When guests come to visit Dr. Lalita Edwards’s home in Pune, India, seventeen children line up in rows—tall girls in the back, short boys in the front—to sing a chorus of hallelujahs. They stand in their bare feet on a woven rug, beside metal bunk beds. As they sing, caregivers spring up to straighten the children’s shirts like any parent would at a child’s recital.
This is a home for HIV-positive children—and yet this is also a home for hallelujahs.
The home began when Edwards stumbled across a crowd of people watching a boy, who was lying on a floor, covered with flies. They stared, but no one made a move to help. Edwards stooped down and discovered the boy was dead.
“No one knew it because of fear, apathy, or lack of compassion,” Edwards says. She vowed not to be a person who stood around to watch as a child died.
To reach out and touch someone the world shuns “is the nature of our true and undefiled religion,” Mike Douris, president of Orphan Outreach, says.
While God has provided food, clothing, and medicine for the children, much more work remains. Five of the home’s seventeen children teeter on the edge between being HIV-positive and battling full-blown AIDS.
One of these five children—nine-year-old Nikhil—watched the camera as Edwards, the home’s director, told his story in a video earlier this year. In the video, Edwards' gold bracelets clank together as she strokes Nikhil’s shoulders and hair. Shy, he lowers his eyes as she speaks, covering his cheeks with a spray of thick brown eyelashes.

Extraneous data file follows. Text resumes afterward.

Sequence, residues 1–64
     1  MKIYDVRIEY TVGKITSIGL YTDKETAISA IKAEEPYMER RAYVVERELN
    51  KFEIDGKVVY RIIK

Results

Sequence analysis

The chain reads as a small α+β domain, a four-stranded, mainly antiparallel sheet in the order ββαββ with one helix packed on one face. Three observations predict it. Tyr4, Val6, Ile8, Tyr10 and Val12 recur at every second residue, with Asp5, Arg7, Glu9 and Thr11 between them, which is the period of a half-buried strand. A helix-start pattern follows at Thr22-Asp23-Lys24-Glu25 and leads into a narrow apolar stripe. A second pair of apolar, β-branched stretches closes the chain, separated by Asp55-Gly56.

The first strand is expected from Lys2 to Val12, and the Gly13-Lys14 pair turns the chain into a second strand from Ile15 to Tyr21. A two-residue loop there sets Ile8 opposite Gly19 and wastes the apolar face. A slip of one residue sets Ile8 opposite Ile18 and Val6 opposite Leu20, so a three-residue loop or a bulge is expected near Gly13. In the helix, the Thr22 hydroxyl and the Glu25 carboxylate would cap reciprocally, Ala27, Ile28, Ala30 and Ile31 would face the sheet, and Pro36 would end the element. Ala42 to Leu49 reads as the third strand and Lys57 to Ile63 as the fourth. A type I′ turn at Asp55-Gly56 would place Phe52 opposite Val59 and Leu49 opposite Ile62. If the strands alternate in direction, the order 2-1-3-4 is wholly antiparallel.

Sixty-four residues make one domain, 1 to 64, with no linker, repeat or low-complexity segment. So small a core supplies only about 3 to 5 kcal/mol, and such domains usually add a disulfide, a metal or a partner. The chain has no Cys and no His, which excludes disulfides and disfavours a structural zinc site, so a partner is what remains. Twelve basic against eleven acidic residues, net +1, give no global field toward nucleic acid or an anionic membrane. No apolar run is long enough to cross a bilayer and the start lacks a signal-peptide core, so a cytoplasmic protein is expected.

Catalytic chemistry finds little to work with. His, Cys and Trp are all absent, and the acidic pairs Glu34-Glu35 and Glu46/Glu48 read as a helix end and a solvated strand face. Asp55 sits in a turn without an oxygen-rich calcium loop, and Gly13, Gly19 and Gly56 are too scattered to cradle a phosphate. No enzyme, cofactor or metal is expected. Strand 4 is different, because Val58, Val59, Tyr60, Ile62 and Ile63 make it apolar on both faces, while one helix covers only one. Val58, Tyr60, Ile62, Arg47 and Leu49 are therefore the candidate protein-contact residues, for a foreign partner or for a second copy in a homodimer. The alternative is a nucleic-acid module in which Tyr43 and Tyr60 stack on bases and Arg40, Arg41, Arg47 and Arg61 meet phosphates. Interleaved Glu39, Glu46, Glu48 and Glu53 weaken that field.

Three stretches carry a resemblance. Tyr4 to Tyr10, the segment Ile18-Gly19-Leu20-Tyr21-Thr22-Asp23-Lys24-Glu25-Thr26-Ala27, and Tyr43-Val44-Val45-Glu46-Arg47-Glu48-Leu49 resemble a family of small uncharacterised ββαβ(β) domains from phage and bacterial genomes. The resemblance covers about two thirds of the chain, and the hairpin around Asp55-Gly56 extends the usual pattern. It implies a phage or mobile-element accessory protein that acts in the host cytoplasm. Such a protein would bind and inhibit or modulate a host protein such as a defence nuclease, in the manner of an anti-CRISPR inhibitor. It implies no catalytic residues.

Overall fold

“He is one of my special boys,” Edwards says. “His parents died of AIDS. His grandmother brought him here and it was very sad when he came to the orphanage. He missed his parents very much. But Nikhil has come to love the Lord and he prays very specific prayers. It is really very nice to see that this little boy has grown so beautifully.”
But despite his progress, Nikhil developed an infection and in November lost his fight to AIDS.
“Nikhil may not have lived very long but he has left long-lasting effects. His two grandmothers accepted the Lord,” Edwards wrote to Orphan Outreach. “Thanks once again for standing in the gap for us. Nikhil is safe and happy, of that I am sure.”
The impact of Nikhil’s young life motivates Orphan Outreach and Edwards to persevere in their mission to provide care for children in need. Others such as Shantal, a six-year-old girl, need more than a home—they need hope.
Also HIV-positive, Shantal’s small body fights constant ear and eye infections. “She was brought to us by her uncle and her grandfather. Their house was full. But how do you refuse a girl who has no parents, who has old grandparents who cannot take care of her, and an uncle who is HIV-positive and is quite sick?” Edwards asks. “And this girl is so intelligent.”
At the orphanage Shantal attends school with other hearing impaired children, something which would not be possible without the ministry. “This is one of the little precious girls who I see God’s hand on,” Edwards says. “She can’t talk and she is HIV-positive, but yet the Lord has brought her to us so that we can take care of her and give her life ... and not just life, but abundant life—something I will enjoy when I meet the Lord.”
Offering an abundant life through Christ—as well as an eternal home and family—to orphans who may have otherwise been abandoned in the street to die is something befitting a hallelujah chorus.